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Agenda Item No.

 

THE VALE OF GLAMORGAN COUNCIL

 

CABINET: 30TH MAY, 2012

 

REFERENCE FROM SCRUTINY COMMITTEE (ECONOMY AND ENVIRONMENT): 17TH APRIL, 2012

 

           

“1106  COSMESTON MEDIEVAL VILLAGE (DEER) -

 

Councillor M.R. Wilson had submitted a Request for Consideration in respect of the Medieval Village at Cosmeston in order that the Scrutiny Committee could consider the justification for the cuts made to date, a management plan for the Village and partnership working with other bodies. 

 

The report noted that in February 2011 the Council had agreed a range of cost cutting measures with one of the measures being to change the operational model for the Medieval Village at Cosmeston Lakes Country Park with the change realising an annual saving of £60,000.  The Cosmeston Medieval Village provided a tourism and educational facility attached to the Country Park, however, unlike most privately run tourist attractions it had operated at a substantial loss for many years.  The annual loss amounted to circa £140,000 prior to review with a cash loss of £100,000.  Whilst operating at such a loss it had also taken potential business from commercial tourism operators in the area.  The events at the Village had been delivered directly by the Council organised by a small team of staff.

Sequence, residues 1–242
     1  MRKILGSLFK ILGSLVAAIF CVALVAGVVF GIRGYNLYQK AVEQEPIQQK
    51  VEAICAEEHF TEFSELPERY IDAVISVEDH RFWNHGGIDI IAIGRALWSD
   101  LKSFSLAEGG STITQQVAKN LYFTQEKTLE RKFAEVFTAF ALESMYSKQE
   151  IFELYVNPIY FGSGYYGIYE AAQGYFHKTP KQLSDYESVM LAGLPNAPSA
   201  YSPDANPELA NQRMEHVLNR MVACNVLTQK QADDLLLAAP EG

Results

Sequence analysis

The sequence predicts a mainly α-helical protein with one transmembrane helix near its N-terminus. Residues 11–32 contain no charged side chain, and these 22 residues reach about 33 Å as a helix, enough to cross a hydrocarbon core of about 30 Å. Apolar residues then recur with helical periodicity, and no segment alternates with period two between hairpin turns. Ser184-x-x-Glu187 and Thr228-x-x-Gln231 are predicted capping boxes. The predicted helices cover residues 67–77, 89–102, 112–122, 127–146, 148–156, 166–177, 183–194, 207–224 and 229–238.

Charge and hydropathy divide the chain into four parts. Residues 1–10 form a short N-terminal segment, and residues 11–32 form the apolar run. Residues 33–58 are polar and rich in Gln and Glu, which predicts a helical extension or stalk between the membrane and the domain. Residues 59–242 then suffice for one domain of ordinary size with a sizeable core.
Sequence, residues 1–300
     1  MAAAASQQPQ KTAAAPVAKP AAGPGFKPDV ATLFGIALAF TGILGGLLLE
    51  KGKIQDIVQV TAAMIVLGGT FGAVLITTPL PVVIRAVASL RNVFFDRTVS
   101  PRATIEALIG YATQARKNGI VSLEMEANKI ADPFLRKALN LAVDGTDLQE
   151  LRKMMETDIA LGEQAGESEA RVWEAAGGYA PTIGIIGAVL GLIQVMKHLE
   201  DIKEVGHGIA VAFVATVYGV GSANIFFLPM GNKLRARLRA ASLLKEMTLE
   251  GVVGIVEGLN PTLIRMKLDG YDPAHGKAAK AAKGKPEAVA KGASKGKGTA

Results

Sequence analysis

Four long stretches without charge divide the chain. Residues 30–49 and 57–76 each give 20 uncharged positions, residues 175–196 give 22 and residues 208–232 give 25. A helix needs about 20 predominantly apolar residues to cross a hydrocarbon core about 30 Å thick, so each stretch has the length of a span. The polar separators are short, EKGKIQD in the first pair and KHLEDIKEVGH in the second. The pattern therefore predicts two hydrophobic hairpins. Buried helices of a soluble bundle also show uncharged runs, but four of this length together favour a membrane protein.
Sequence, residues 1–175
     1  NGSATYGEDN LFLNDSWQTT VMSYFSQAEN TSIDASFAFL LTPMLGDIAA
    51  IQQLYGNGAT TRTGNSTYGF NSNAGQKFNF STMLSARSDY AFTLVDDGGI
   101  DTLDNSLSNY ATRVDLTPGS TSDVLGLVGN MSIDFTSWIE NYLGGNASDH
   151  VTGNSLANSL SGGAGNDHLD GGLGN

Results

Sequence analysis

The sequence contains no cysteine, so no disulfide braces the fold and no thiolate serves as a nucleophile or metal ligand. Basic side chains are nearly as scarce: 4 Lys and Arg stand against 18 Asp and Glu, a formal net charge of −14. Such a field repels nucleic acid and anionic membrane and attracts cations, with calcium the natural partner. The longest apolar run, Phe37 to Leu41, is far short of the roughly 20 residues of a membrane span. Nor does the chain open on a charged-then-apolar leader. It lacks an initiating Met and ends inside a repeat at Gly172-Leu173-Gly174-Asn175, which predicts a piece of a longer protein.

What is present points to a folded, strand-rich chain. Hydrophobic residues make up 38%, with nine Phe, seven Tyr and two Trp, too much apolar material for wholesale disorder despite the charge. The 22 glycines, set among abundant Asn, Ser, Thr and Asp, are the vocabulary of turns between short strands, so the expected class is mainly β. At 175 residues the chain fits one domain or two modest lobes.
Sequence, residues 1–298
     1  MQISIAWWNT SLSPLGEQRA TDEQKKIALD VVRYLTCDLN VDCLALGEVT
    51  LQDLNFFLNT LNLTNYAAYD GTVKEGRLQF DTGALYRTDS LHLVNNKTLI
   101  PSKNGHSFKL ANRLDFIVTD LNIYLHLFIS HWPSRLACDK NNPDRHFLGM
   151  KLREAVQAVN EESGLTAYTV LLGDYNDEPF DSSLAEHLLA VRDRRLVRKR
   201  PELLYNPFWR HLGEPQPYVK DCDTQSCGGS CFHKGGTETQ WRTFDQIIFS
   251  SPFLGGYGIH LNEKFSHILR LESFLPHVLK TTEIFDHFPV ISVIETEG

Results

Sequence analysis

As a result of the above it had been considered that the most effective way of saving money and enhancing visits for the majority of visitors would be to remodel.  The remodelling had involved removing some of the major financial costs and risks to the Council, including some staff and events delivery, with the savings being estimated to be at least £50,000 to £60,000 per year.

 

The new management regime that had been developed was based on the following:

 

·                    free entry

·                    loss of the two full time posts managing the site and organising events